Wednesday, August 28, 2013

Reading to Spanish students

Earlier this summer I bought the elementary reader "Brandon Brown quiere un perro" from TPRS Publishing, Inc.  Later, I read Carrie Toth's comment, @senoraCMT, that she was going to read it to her high school Spanish classes. I decided to try this with my Spanish 2 students.

On day 2 of the school year, after asking many personalized questions using quieres and tienes, I read chapter 1 to the students two times. The first time I read it, I wrote some of the cognates on the board that they might not recognize by sound but could recognize if they read it, such as horribles. The second time I read it, students sketched something that happened in the chapter. I collected the sketches and used the document camera to show them to the class. Students then had to say 1 sentence for each sketch.

On day 3, I reviewed tiene # años, para su cumpleaños, & ¿Qué regalos recibes...  I asked them their age, compared their ages to other classmates, to other teachers in the school, and to me.  We also talked about what certain people got, or usually get, on their birthday. 

Then I distributed this paper: 
and students wrote "c" or "f" for 1-8, and answered 9-13, while I read Chapter 2 to them. I told them to check their answers with another student before we went over the answers together.

After going over the answers, I asked the students to write a number from 1 to 5 at the top of the paper; 5 indicating that they understood almost everything when I was reading; 4 indicating they understood a lot but there were one or two sketchy spots; and so on, and then they turned in the paper. The majority of the students wrote 4s, 4.5s, and 5s.  There were a few 3s and 3.5s.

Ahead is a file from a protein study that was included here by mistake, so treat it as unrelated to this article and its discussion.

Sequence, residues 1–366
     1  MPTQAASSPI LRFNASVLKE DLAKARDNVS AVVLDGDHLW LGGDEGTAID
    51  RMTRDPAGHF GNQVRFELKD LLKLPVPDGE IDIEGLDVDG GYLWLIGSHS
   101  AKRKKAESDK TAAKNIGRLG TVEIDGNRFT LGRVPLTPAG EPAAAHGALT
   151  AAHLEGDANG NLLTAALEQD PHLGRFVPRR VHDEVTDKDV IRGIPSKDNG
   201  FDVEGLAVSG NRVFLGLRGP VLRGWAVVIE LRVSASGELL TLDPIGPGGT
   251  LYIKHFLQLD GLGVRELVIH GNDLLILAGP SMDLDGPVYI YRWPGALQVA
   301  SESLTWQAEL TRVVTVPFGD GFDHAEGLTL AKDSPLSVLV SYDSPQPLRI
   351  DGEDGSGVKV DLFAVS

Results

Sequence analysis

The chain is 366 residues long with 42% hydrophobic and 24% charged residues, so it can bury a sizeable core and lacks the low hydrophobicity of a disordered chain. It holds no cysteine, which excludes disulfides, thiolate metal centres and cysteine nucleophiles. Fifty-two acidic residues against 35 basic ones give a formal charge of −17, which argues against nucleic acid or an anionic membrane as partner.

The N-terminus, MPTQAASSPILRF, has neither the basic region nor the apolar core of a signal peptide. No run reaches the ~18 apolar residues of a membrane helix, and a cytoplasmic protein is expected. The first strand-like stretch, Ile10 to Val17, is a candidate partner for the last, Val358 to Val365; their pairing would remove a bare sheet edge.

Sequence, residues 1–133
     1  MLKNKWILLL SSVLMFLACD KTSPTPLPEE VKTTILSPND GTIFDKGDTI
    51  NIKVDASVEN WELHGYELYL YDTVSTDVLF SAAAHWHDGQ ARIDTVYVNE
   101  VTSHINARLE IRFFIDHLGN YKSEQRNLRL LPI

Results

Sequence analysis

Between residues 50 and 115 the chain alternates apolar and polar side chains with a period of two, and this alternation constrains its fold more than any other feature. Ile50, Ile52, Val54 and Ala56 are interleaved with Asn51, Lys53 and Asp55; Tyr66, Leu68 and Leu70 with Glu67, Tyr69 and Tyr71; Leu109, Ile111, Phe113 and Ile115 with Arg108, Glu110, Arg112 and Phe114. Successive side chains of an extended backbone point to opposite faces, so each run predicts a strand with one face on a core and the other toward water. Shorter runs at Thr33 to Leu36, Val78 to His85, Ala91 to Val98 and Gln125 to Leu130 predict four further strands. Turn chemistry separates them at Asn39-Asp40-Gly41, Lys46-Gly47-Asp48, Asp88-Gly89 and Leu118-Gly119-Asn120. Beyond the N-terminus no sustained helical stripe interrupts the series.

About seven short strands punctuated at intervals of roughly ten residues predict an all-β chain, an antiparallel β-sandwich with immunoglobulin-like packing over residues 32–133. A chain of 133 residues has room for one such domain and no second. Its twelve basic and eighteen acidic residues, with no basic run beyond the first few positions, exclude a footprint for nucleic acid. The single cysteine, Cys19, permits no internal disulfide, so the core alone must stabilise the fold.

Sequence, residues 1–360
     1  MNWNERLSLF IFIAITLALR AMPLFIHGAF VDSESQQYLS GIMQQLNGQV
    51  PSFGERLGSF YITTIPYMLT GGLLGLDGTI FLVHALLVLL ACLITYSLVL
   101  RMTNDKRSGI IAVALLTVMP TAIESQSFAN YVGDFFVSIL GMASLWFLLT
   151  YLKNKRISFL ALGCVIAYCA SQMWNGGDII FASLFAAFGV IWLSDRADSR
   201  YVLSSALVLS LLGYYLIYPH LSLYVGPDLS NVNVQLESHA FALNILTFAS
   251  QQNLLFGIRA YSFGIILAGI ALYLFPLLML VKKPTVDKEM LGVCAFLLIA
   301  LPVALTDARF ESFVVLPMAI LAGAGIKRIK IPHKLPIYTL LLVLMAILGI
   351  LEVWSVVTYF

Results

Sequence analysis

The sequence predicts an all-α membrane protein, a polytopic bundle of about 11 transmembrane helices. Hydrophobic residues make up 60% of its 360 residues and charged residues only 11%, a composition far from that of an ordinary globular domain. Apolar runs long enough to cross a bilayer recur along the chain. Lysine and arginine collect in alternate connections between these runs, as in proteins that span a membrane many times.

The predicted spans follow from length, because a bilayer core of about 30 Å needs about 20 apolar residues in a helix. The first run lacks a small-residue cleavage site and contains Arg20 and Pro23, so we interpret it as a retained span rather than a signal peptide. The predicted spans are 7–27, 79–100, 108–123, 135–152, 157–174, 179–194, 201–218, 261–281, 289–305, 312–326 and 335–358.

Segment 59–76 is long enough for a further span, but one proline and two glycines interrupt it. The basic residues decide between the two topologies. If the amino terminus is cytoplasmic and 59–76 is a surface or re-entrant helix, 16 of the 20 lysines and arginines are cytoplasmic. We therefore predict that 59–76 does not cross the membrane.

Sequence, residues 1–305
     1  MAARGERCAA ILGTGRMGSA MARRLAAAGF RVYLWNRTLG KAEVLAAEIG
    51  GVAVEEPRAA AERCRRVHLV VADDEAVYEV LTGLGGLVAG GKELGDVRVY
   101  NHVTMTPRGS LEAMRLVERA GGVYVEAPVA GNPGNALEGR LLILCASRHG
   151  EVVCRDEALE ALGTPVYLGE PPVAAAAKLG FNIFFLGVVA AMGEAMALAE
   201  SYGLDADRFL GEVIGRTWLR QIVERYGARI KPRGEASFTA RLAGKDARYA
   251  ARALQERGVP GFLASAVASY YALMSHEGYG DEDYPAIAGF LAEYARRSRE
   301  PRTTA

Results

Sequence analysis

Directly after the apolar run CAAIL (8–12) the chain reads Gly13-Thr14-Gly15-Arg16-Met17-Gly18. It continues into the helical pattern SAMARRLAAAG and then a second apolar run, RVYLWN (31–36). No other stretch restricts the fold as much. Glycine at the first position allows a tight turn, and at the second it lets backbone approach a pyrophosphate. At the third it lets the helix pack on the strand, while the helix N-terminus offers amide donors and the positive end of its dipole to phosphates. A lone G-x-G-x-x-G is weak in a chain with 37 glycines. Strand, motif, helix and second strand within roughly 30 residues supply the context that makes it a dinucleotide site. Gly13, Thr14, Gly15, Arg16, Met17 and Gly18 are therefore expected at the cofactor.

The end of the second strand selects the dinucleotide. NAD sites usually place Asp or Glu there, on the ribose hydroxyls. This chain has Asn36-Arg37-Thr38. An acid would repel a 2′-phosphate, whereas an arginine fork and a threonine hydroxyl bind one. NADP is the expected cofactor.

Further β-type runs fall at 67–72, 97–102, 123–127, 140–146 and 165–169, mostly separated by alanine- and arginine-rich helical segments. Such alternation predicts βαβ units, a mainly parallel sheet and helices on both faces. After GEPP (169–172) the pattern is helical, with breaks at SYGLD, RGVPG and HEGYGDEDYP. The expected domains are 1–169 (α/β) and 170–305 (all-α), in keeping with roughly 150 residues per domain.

Even though the book is below my students' reading abilities, using it as a listening activity enables me to provide a huge amount of comprehensible input while improving their listening skills.

Day 4: Before reading chapter 3, I went over the following words: pasa por, pasa, lleva, and llévatalo. Students sat in groups of 3. I read the chapter, pausing after a paragraph or a few sentences, and in their groups, the students retold what happened in English. Then I chose one of the groups to summarize for the class.


  1. You also used many common core objectives. Muy bien!

  2. The comment below was written by Profe. I accidentally deleted it when instead of hitting "Publish" on my smartphone I hit "Delete". (Big fingers and small smartphone screens are not a good combination.) I copied the note that came to my email from Blogger and added it below. Sorry Laurie.

    "I'm a strong believer that no piece is actually below ability. Usually, the "lower" the reading level the higher the comprehension level...and that is what we are all about. (oh I feel my own blog post coming on lol) I think that you have struck upon gold here. The more comprehensible the language, the greater our ability to relate to the characters, the struggles, the humor and everything else that is golden about the book.

    with love,
    and off to write on my blog lol